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I am currently reading the specification for BPMN 2.0. In this specification, definitions for the parts of BPMN are given as XML schemas.

In one of those schemas (Table 8.3, p. 54), I stumbled upon a line that does not make sense to me:

<xsd:element name="definitions" type="tDefinitions"/>
  <xsd:complexType name="tDefinitions">
    <xsd:anyAttribute name="exporter" type="xsd:ID"/>

What puzzles me is the use of the "name" attribute in conjunction with the "xsd:anyAttribute" element. If I understood the element's definition correctly, its purpose is to allow using "unknown" attributes that are not specified by the schema. So what could be the purpose of restricting "xsd:anyAttribute" to the concrete name "exporter" instead of just directly specifying an (optional) attribute with that name?

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Double check the actual schema files. It may be a mistake in the documentation. –  Mads Hansen Oct 14 '11 at 11:45

2 Answers 2

up vote 1 down vote accepted

It is likely just a mistake in the documentation and they indented to declare an attribute using xsd:attribute.

xsd:anyAttribute does not have an @name.

  id = ID
  namespace = ((##any | ##other) | List of (anyURI | (##targetNamespace | ##local)) )  : ##any
  processContents = (lax | skip | strict) : strict
  {any attributes with non-schema namespace . . .}>
  Content: (annotation?)
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Thanks for the confirmation! That was my impression too, but I was not sure whether it is just a matter of me having insufficient XSD understanding. ;-) –  elsvene Oct 14 '11 at 14:07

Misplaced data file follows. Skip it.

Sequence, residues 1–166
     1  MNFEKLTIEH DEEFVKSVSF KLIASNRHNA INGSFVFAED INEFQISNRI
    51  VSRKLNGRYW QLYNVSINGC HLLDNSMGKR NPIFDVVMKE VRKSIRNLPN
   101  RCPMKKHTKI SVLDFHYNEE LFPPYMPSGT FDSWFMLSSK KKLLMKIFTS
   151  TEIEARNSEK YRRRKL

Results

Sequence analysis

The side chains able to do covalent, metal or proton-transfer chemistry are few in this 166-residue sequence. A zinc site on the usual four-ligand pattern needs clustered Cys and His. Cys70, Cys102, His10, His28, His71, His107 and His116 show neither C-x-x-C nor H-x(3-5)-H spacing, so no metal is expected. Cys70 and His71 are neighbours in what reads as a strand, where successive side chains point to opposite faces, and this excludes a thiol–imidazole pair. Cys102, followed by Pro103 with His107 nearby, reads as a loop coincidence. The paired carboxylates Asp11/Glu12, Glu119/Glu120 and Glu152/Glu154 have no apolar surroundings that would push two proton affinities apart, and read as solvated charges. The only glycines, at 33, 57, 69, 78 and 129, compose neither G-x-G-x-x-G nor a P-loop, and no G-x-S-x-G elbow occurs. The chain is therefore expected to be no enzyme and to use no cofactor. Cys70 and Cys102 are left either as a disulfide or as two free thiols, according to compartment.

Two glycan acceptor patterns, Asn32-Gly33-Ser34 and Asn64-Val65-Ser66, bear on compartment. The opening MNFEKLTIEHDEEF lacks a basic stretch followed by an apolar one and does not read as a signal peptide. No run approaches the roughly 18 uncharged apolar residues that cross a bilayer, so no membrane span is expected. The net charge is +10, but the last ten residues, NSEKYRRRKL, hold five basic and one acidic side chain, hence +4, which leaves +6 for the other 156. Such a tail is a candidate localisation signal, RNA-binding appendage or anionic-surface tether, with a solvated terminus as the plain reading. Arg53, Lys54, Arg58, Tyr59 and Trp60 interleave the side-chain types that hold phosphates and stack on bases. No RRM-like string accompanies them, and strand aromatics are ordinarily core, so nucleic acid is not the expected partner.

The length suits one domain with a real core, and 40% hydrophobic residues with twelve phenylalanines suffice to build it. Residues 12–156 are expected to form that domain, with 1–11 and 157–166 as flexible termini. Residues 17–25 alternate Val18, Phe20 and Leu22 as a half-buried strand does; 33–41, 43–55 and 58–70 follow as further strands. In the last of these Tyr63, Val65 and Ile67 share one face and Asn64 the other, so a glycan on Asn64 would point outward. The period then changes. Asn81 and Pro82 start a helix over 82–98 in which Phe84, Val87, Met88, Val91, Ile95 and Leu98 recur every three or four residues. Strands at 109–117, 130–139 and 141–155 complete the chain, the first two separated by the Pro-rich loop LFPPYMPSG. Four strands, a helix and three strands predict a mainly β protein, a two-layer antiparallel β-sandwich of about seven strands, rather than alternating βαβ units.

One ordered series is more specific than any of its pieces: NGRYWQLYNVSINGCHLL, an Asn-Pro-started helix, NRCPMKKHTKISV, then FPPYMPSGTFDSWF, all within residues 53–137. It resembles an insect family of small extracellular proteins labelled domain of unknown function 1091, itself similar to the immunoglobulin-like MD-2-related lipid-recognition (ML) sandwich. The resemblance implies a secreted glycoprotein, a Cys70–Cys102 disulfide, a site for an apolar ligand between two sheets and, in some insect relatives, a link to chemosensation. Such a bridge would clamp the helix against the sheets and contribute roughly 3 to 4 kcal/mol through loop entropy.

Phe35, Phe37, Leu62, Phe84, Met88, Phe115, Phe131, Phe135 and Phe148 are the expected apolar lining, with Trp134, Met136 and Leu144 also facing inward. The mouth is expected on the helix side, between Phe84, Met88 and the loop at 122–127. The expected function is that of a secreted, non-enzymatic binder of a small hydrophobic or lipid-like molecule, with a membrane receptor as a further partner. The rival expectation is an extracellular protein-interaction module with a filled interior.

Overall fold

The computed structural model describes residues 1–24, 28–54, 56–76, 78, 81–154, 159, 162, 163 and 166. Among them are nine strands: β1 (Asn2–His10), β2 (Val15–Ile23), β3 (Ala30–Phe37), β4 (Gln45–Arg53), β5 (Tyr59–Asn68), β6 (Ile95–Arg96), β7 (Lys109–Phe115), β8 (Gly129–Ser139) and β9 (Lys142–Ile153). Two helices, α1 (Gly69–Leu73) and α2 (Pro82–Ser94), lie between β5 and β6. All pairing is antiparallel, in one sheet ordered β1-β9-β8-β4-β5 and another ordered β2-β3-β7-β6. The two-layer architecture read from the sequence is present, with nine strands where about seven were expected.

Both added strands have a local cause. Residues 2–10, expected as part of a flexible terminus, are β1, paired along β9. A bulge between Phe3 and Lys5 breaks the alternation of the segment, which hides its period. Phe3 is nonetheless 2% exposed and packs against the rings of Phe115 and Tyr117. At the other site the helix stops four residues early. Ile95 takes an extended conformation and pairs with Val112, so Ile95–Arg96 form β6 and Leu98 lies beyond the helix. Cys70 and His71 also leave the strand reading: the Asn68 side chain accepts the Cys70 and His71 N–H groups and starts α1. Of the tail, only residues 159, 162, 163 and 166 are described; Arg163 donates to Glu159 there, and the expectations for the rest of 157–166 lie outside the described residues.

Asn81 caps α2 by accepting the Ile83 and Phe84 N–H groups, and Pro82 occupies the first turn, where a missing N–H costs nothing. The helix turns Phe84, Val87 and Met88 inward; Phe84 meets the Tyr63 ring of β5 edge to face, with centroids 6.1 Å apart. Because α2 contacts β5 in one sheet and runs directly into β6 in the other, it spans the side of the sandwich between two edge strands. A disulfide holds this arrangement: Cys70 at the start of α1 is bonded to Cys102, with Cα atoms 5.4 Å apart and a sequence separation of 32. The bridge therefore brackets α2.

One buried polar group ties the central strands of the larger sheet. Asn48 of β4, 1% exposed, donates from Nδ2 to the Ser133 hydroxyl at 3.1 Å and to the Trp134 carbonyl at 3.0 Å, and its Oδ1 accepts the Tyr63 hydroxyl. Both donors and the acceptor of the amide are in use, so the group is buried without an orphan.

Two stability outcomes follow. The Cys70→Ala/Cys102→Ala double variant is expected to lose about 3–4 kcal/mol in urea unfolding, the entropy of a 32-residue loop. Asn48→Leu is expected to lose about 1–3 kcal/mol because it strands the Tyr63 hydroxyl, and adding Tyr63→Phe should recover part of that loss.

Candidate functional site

Just discovered that the XML Schemas given on the OMG website actually use xsd:attribute instead of xsd:anyAttribute! So @Mads, you were perfectly right, it is a mistake in the specification document. –  elsvene Oct 14 '11 at 14:16
Cool. You should send a note to the publishers to alert them of the mistake, so that they can fix it and publish corrected documentation. –  Mads Hansen Oct 14 '11 at 14:28
Good suggestion! I reported the mistake to the OMG. –  elsvene Oct 19 '11 at 10:15
anyAttribute is not working, please see stackoverflow.com/q/14872678/306488 –  Sloin Feb 14 '13 at 10:38

The anyAttribute element enables the author to extend the XML document with attributes not specified by the schema.

Source: http://www.w3schools.com/schema/el_anyattribute.asp

Here will be everything you need to know! You have to see this anyAttribute like a wildcard.

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As written in my question, I read this definition of "anyAttribute", and I was confused because it does not specify a "name" attribute for the element. –  elsvene Oct 14 '11 at 14:10
Yes it gives your XML space to have any attribute, like i told you you can use it as a wildcard. So attribute X or Y it doesn't matter! –  Wesley Oct 14 '11 at 14:31
But it is not working, see stackoverflow.com/q/14872678/306488 –  Sloin Feb 14 '13 at 10:38

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